Also, consider the internally available skillsets and employee bandwidth. Sometimes, the technical expertise is missing internally. Other times, the key personnel are already overwhelmed with their daily assignments and other projects to be pulled into another direction. Outsourcing to a trusted third party or existing vendor partner might be the best path in both instances.

Set the Schedule to Succeed

The size, scale, and complexity of the automation project dictate the schedule. The schedule is best set using the minimum number of meetings to move the project to the next milestone. The touchpoints only exist to answer the question: what next action is required to move the project forward? The number of milestones should be no more than necessary to get to a minimal viable product (MVP) that can be tested, used, and quickly improved when needed.

Since automation almost always requires the integration of multiple systems and data sets, the schedule must include time to set up and configure testing environments with a complete set of testing protocols. There is simply too much risk in making changes to live production systems.

Measurable Metrics and Moving Forward

How will you know when the automation project worked? Circle back to the original vision and ask if the goal was accomplished. For the traveler, it would be after the 48th country visited. For your automation project, it will be when file acquisition, preflighting, correction, and readiness for print are automated in a seamless workflow with minimal touchpoints. Even when the goal is accomplished and the measurable metric verified, the project is incomplete.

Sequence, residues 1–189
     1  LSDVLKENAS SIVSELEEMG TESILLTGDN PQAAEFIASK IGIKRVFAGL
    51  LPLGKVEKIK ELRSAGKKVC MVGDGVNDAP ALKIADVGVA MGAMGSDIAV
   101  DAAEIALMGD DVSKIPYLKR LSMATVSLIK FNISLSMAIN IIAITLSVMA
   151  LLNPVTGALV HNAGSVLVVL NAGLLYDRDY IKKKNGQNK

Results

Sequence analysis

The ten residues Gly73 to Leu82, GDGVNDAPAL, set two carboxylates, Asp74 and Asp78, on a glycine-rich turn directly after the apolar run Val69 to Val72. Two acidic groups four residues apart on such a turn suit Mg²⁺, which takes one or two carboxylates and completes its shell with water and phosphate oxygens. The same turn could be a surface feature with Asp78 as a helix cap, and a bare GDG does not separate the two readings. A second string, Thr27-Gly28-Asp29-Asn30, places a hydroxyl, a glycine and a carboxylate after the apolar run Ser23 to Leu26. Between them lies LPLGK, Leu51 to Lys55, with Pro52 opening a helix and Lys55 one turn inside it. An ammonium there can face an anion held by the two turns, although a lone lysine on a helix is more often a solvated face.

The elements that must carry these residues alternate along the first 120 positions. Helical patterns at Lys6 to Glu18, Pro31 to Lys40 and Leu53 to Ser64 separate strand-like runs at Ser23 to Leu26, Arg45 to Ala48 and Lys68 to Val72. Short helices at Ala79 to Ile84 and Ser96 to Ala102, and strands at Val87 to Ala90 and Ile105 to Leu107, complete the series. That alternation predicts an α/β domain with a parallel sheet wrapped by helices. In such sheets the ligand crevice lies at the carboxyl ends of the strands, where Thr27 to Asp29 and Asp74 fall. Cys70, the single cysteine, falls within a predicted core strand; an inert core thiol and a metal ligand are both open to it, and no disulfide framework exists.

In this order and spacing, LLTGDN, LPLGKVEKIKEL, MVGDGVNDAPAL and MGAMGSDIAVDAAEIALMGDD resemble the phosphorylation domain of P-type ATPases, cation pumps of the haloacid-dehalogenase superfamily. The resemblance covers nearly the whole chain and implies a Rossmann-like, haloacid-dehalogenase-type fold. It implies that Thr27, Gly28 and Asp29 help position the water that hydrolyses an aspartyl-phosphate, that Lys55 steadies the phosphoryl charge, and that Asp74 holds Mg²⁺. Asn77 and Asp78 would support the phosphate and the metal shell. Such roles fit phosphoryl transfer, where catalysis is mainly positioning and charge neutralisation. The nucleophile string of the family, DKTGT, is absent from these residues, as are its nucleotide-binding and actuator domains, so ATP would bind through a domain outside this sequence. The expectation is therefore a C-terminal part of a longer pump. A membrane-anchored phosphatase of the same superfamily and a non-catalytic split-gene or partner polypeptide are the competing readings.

There is still work to document the technical requirements and create standard operating procedures for any impacted staff. These form the basis for internal staff, and possibly external clients and partners, to see how the result benefits them and learn how to take full advantage of the automated solution.

Come back next time for a step-by-step plan that you can follow! Questions? Hit us up.

About the Author

Pat McGrew


Pat is a well-known evangelist for inkjet productivity. At McGrew Group, she uses her decades technical and marketing experience to lead the industry toward optimized business processes and production workflows. She has helped companies to define their five-year plans, audited workflow processes, and developed sales team interventions and education programs. Pat is the Co-Author of 8 industry books, editor of A Guide to the Electronic Document Body of Knowledge, and a regular contributor to Inkjet Insight and

Leave a Comment